By Jesse Masai
The Rev. Bernard Bisoke, the Anglican Church of Congo’s provincial youth coordinator, runs a peace center in the regional capital of Bunia.
Bunia is part of Ituri Province, which the U.S. State Department has warned is frequently beset by “crime, civil unrest, terrorism, armed conflict, and kidnapping.”
“We embarked on this journey in 2017, when we began seeing trauma among our youth, occasioned by killings, violence, and destruction of property, Bisoke told TLC. “We are airing The Jesus Film, teaching women, convening assemblies and demonstrating life skills while growing maize and cassava on land a local chief gave us.”
“This center is creating a safe space for solutions, ecumenical interaction, and discipleship. It is helping us usher in healing and reconciliation,” the 50-year-old said.
A typical day at the facility begins with prayer, followed by seminars in topics like healing from trauma, mediation, deliverance ministry, discipleship, and outreach to women, and basic literacy. The program also includes workshops on creating batik, a cloth-dyeing method, and hosts a choir whose program of musical training incorporates peace-building activities.
An Anglican congregation has also formed through the Peace Center’s efforts. From an initial group of 15, Rwampara Church now has a membership of 350 adults. Its Sunday School draws about 400 children.
Bisoke said that Bunia and the wider Eastern region of the Democratic Republic of Congo host at least 64 camps for internally displaced persons (IDPs).
“Bunia alone has an estimated 200,000 people in four such camps. Rwampara, with villages near this center, has 600,000 persons. We also have IDPs from North Kivu. It is not easy. Wars destroy livelihoods. Many of them are dying because of a lack of food and other basic amenities,” he said.
From 1999 to 2004, a Church Mission Society partner from the United Kingdom sponsored Bisoke’s education at Daystar University in Kenya, where he obtained an undergraduate degree in business administration, biblical studies, and peace and reconciliation. While he would like to pursue further studies in diplomacy, he believes his intellectual formation in the central African nation has equipped him to serve his people.
“We have a borehole serving 20,000 households, whose members previously trekked for five to seven kilometers in search of water amidst rape and kidnapping. We have trained 120 women how to read and write letters, telephone messages, and Scripture. We have witnessed the restoration of 350 traumatized women, who are now moving on with their families and daily chores,” he says.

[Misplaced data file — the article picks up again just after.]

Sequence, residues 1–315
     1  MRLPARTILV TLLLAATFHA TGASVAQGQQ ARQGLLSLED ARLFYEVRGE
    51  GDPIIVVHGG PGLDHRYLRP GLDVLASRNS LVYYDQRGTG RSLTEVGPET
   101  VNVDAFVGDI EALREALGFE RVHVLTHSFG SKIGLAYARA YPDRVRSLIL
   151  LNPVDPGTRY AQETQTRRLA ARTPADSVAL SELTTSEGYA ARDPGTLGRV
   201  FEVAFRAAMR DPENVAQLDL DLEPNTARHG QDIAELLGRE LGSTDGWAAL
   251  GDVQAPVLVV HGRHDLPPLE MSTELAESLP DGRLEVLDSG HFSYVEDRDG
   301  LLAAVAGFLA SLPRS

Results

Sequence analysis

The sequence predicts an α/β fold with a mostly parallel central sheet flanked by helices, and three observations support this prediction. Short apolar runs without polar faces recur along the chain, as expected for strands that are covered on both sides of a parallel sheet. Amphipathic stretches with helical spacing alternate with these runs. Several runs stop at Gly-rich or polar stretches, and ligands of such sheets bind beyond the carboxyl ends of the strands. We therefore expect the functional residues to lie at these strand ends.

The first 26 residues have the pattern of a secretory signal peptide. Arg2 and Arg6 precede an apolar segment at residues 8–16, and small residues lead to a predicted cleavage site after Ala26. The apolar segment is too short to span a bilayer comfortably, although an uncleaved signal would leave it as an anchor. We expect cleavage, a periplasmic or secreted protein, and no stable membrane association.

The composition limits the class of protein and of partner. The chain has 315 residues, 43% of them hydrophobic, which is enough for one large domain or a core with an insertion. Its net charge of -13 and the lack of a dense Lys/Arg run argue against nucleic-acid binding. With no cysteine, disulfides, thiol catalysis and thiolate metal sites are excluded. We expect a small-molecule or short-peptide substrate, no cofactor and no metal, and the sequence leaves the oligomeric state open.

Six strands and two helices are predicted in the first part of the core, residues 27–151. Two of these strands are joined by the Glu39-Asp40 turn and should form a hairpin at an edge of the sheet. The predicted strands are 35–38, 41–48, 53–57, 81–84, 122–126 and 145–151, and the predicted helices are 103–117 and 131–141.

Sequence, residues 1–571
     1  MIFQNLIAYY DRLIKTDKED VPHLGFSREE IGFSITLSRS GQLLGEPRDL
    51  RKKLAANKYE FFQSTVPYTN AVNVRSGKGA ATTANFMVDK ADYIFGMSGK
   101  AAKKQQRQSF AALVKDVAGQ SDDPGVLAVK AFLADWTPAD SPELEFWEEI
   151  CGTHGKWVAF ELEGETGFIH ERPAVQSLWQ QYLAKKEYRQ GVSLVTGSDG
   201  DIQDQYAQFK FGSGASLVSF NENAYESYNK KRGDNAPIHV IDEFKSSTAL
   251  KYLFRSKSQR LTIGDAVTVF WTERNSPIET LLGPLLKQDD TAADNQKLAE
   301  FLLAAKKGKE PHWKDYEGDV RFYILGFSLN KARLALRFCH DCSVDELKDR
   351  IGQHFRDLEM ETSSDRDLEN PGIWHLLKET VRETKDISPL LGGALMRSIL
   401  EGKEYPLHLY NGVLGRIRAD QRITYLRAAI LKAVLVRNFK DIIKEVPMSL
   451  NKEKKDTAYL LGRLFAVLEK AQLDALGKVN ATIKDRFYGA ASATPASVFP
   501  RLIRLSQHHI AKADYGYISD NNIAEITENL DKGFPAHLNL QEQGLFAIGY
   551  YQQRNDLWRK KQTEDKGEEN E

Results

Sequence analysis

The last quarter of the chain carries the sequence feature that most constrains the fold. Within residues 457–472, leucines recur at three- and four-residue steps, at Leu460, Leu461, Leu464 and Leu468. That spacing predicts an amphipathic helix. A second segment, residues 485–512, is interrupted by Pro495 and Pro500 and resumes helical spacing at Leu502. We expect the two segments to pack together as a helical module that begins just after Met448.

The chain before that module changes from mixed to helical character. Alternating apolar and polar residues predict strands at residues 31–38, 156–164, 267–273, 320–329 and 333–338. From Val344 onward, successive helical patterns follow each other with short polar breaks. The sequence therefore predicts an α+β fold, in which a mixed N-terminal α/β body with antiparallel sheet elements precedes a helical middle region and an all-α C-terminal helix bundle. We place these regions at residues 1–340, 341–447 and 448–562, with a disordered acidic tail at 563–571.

“We have trained 374 women in cloth-making, which has opened a door for their families to earn a living. One of the women lost her eight kids in war. Only one survived. She was devastated. We prayed for her. She returned to herself.
“We are encouraged that 12 alumni from our discipleship classes are now preaching the gospel,” Bisoke said.
Amid the DRC’s political instability, violence, and limited resources, Bisoke and his team strive to devote themselves to God and his suffering people.
“They have lost everything,” he said “We are teaching them to listen to and focus on God. We would like to develop the discipleship program further so as to end the killings. We need a safe house for the ladies and a radio station dedicated to peacebuilding. A modern resource and retreat center to generate income is also critical.”
Already, the team has fourteen acres, for a Rwampara Peace Center Agape, which Bisoke believes can accommodate a children’s center.
His wife, Furaha (Swahili for “joy”), shares in his passion for the little ones.
Despite suffering from a tumor, which has blocked her eyesight for five years, the 38-year-old community development and accounting graduate — also from Daystar University — pioneered Baraka Academy in 2005.
The school began by focusing its work on orphans from the Nilotic Hema and Bantu Lendu communities. A high school section was added to the academy in 2010, bringing its combined population of learners to over 600 orphans.
“We have land in nearby Shari to feed the learners, though war and climate change have both affected our indigenous crops. We have opened a branch of our school there,” she said.
“Our alumni are becoming peacemakers. They are giving up on revenge. To serve the next generation of learners, we need modern buildings, furniture, and books for both the primary and secondary sections. Give, but also pray and come join us in this labor of love.”
Donations can be made to the Peace Center through the Church Mission Society.